Donald Trump left classified documents scattered in his bathroom and ballroom at Mar-a-Lago and boasted to aides about the expropriation of military secrets, according to the stunning indictment unsealed by the Justice Department on Friday

Extraordinary new photos (above) revealed in the scathing file show Trump's valet Walt Nauta entering a storage room to find intelligence files on allies including the UK and Australia spilled on the floor

Extraordinary new photos (above) revealed in the scathing file show Trump’s valet Walt Nauta entering a storage room to find intelligence files on allies including the UK and Australia spilled on the floor

In one photo, the boxes are stacked in front of a shower curtain and next to a sink in a bathroom in Mar-a-Lago. Some of Trump's advisers simply called the files

In one photo, the boxes are stacked in front of a shower curtain and next to a sink in a bathroom in Mar-a-Lago. Some of Trump’s advisers simply called the files “his papers.”

Nationally, polls show that DeSantis is typically at least 20 points behind Trump, with the rest of the field failing to get into double digits.

A new CNN poll conducted on the day of DeSantis’ announcement found Trump was up 56 percent while DeSantis was up 26 percent.

THE INSTALLATIONS TRUMP FACES AND THE MAXIMUM SENTENCES FOR JAIL

Trump’s attorneys have confirmed he faces seven federal charges. They have not received the official indictment, but have been sent subpoenas indicating that he faces the charges and maximum penalties listed below.

  • Willful withholding of national defense information in violation of the Espionage Act (maximum penalty 20 years in prison if convicted)
  • Conspiracy to obstruct justice (20 years)
  • Retention of a document or record (20 years)
  • Corrupt concealment of a document or record (20 years)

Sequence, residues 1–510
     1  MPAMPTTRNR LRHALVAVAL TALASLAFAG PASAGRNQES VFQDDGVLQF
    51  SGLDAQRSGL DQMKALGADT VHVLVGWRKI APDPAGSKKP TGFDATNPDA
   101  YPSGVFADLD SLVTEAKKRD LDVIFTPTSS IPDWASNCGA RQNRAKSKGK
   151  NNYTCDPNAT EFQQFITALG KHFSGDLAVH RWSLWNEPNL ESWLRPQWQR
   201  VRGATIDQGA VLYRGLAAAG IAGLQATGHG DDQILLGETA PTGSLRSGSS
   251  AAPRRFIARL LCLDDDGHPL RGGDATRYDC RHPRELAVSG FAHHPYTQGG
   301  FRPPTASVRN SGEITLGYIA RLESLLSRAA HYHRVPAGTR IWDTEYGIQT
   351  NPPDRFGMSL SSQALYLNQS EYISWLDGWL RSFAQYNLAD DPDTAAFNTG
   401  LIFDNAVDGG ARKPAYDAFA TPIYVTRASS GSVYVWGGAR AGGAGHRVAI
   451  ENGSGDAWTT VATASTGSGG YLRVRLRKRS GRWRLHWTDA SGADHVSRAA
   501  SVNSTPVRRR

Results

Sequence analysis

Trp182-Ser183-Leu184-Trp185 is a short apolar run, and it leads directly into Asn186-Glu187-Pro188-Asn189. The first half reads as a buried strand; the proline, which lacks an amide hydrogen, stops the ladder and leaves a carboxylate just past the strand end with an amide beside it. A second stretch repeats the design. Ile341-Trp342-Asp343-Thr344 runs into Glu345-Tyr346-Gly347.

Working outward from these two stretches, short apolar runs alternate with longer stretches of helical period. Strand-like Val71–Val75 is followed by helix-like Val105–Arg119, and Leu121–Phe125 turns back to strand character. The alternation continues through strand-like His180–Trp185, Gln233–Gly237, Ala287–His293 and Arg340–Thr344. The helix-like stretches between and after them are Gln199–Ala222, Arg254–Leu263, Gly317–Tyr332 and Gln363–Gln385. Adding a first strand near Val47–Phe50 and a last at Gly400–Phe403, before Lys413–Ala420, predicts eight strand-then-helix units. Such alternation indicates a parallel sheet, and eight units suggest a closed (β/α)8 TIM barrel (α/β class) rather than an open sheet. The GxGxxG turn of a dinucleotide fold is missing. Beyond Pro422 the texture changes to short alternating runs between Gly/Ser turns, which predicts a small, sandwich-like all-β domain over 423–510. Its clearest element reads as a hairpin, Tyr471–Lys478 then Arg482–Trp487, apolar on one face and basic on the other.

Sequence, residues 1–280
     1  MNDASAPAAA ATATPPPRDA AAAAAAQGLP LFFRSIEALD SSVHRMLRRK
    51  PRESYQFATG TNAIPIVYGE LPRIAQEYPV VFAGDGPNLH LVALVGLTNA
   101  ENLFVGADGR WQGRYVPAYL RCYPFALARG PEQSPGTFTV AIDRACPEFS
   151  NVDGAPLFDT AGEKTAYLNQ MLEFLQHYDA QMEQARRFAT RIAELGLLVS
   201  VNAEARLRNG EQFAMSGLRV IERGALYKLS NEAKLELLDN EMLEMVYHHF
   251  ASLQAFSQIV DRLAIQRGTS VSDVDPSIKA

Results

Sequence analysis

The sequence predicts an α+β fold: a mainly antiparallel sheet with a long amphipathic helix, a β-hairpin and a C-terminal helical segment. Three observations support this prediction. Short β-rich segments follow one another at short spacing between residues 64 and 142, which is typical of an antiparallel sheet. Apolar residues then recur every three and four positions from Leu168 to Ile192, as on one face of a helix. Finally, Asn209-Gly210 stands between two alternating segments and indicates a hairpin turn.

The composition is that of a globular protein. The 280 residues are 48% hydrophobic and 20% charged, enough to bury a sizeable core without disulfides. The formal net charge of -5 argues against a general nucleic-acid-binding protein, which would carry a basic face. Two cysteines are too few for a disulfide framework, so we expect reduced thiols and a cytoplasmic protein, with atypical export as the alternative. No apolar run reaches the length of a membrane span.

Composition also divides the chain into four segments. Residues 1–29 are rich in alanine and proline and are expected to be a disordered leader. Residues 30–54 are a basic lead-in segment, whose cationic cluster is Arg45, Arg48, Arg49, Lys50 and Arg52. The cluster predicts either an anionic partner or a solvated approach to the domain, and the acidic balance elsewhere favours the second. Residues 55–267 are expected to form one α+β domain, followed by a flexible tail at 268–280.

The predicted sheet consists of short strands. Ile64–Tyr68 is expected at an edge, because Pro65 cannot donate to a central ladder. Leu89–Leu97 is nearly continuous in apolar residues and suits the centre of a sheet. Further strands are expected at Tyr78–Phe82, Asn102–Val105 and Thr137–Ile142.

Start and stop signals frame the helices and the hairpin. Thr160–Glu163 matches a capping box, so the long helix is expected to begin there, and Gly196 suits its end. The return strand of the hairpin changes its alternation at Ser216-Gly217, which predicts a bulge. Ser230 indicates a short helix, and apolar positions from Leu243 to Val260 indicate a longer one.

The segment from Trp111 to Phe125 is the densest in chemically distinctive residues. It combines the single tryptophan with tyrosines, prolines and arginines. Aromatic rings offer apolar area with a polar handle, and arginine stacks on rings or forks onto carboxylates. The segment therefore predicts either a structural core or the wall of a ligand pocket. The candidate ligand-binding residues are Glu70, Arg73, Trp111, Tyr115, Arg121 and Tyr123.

• Concealing a document in a federal investigation (20 years)
  • Plan for Obfuscation (five years)
  • False statements and representations (five years)

The new Never Back Down poll comes as part of DeSantis’ first official campaign change in the early Iowa, New Hampshire and South Carolina primary elections. Later in June he will travel on to Nevada.

Trump also traveled to Iowa last week, overlapping with the DeSantis move.

Despite the upbeat statement from the main PAC supporting DeSantis’ Republican primary bid, other polls show he didn’t get the boost he expected after the announcement.

A Morning Consult poll conducted after DeSantis launched shows his standing has risen just 1 percent — and is still 38 percent behind Trump.

DeSantis had an initial lead over Trump earlier in the year, but some pollsters claim he was reluctant to announce his candidacy and that having one foot in and one foot out hurt him with voters.

There are already 11 candidates in the GOP primary race. Those who did actually win some votes include former South Carolina Gov. Nikki Haley and current South Carolina Senator Tim Scott.

Other long-term candidates in the running include biotech millionaire Vivek Ramaswamy and Arkansas Governor Asa Hutchinson.

Former Vice President Mike Pence filed the relevant paperwork to run for the White House on Monday – and New Hampshire Gov. Chris Sununu announced on the same day that he would not be running in the race.

This week, former New Jersey Gov. Chris Christie and North Dakota Gov. Doug Burgum announced their own campaigns.

Trump adviser and former “bodyman” Walt Nauta was charged in the same classified documents investigation after Trump announced Thursday night he would be charged.

According to a report, the former president faces 100 years in prison if convicted on all seven counts of mishandling classified information.

Bradford Betz

Bradford Betz is a WSTPost U.S. News Reporter based in London. His focus is on U.S. politics and the environment. He has covered climate change extensively, as well as healthcare and crime. Bradford Betz joined WSTPost in 2023 from the Daily Express and previously worked for Chemist and Druggist and the Jewish Chronicle. He is a graduate of Cambridge University. Languages: English. You can get in touch with me by emailing: betz@ustimespost.com.